“I work as a fundraiser [at a University in Nairobi]. I think the only difference [between this time and the last] is the fact that everybody is preaching peace. Until a certain power hungry, pre- independence group of families passing down the political seat like a monarchy fades away, then I think change is not happening any time soon. I voted for Raila, because I think he is not angry for power. During the last general elections, he clearly won, but in the outbreak of violence, for the sake of Kenyans, he was ready to take the back seat. That convinced me that he gives a damn about my life. A true patriot. I voted at Nairobi Primary, I went at 10:30 am and was done at 12:30 pm. The atmosphere was really good and I actually made friends with someone on the queue. Nobody was talking politics and so we were just a bunch of happy Kenyans, with the furious sun above us laughing at people trying to jump the queue and we had fun voting. And yeah, we shared candy when sugar levels started going down.” -Development Professional [Nairobi, Kenya]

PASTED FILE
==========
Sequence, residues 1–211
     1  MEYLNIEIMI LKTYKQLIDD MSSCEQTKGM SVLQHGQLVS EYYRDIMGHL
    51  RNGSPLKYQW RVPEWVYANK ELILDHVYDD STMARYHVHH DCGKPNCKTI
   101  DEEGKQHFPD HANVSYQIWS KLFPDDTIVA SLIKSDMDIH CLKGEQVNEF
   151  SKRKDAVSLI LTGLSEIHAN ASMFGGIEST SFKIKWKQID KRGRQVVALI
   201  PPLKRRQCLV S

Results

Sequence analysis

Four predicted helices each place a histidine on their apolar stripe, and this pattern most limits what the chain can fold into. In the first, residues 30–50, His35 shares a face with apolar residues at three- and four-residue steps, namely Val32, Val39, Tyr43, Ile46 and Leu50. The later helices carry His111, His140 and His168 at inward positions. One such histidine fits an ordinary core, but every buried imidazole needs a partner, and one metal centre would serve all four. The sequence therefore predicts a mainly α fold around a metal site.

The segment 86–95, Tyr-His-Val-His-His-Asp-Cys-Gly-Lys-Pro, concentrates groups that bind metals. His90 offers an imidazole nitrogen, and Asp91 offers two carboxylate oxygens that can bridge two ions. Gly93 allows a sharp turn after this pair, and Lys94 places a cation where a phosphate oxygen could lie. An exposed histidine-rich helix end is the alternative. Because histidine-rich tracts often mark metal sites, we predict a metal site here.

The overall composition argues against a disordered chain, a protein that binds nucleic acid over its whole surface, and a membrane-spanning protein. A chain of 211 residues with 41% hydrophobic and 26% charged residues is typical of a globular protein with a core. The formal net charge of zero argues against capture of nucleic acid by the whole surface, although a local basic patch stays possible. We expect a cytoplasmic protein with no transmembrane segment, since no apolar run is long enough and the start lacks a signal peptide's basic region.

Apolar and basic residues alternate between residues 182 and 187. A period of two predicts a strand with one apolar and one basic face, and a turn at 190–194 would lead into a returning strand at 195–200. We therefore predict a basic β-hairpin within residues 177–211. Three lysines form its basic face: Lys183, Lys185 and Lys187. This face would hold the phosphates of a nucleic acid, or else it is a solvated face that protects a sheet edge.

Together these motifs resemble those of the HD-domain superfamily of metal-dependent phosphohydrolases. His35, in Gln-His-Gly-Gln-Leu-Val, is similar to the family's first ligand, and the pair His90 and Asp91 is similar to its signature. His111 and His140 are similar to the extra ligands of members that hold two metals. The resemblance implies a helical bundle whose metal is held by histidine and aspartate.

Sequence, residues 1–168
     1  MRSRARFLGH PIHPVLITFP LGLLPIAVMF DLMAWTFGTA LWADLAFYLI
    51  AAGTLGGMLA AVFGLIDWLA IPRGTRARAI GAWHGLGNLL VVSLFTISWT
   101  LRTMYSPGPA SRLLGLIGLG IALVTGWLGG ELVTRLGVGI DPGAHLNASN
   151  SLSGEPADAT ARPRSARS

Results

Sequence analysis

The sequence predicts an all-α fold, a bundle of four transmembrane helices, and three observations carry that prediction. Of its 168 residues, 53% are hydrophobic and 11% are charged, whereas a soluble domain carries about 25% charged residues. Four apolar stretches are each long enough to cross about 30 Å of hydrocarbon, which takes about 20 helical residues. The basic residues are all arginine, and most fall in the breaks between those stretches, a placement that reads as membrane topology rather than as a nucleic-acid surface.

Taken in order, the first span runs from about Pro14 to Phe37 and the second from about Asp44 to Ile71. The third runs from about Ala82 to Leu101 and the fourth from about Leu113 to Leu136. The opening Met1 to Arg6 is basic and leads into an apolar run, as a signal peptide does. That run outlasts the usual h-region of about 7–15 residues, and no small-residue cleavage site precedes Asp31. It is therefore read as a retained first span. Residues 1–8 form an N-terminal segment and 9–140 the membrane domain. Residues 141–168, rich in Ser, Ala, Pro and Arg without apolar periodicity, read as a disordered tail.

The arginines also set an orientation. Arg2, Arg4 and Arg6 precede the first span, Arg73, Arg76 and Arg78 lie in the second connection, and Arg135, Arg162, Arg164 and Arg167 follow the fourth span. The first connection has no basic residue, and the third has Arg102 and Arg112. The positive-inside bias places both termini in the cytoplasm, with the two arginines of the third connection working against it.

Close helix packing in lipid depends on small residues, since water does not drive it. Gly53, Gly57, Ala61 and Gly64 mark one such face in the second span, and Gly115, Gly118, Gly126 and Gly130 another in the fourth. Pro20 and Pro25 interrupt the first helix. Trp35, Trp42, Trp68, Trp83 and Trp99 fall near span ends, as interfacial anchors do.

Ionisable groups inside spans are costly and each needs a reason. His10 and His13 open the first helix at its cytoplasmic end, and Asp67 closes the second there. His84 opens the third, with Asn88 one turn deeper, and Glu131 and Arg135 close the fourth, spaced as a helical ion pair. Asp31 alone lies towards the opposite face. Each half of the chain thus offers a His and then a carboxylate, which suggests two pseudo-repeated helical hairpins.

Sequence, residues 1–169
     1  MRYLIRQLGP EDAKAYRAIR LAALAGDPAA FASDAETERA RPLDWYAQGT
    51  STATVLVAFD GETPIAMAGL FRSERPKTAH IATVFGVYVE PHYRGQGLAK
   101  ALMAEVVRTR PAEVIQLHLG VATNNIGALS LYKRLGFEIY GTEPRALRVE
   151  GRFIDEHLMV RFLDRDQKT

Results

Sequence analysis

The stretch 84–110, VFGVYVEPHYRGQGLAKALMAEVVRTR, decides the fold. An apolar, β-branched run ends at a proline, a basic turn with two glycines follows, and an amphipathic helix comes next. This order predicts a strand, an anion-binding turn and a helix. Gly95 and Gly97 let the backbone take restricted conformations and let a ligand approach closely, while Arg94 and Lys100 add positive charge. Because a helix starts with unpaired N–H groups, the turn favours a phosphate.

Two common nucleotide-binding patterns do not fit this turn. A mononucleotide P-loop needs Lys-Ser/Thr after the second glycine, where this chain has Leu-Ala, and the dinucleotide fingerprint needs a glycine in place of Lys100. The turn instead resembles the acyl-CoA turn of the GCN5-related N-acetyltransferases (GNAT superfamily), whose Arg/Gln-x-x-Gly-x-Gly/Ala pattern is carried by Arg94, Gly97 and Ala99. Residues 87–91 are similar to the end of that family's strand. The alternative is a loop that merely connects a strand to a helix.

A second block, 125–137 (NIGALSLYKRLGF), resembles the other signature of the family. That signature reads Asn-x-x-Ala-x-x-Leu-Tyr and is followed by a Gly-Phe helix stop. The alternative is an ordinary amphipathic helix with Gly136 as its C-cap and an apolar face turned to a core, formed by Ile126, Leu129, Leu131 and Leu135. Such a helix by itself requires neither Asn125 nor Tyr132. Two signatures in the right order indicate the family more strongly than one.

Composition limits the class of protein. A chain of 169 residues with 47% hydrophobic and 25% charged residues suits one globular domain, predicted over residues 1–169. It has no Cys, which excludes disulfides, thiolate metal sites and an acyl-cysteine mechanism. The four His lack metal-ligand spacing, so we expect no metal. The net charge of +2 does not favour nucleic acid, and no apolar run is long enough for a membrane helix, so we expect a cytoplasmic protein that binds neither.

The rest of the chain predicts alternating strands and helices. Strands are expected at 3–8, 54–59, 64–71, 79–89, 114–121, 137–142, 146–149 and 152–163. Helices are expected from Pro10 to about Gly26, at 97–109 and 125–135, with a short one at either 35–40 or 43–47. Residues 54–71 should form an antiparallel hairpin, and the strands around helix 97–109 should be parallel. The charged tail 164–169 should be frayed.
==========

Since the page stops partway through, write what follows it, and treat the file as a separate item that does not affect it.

What issues would you like addressed by the next administration?
“Transport is a major problem and I would love to see my next leaders install a railway system that works and is affordable to all.”
- Development Professional [Nairobi, Kenya]
““I hope that whomever gets elected continues with infrastructure development. I would hope that our economy grows, that the health
sector is addressed (meaning everyone gets basic health care) and unemployment is tackled. The best way forward would be by encouraging foreign investment rather than foreign aid, encouraging investment in our micro, small and medium enterprises, definitely investing in our so called informal sector and growing our East African trade block.” -Architect [Nairobi, Kenya]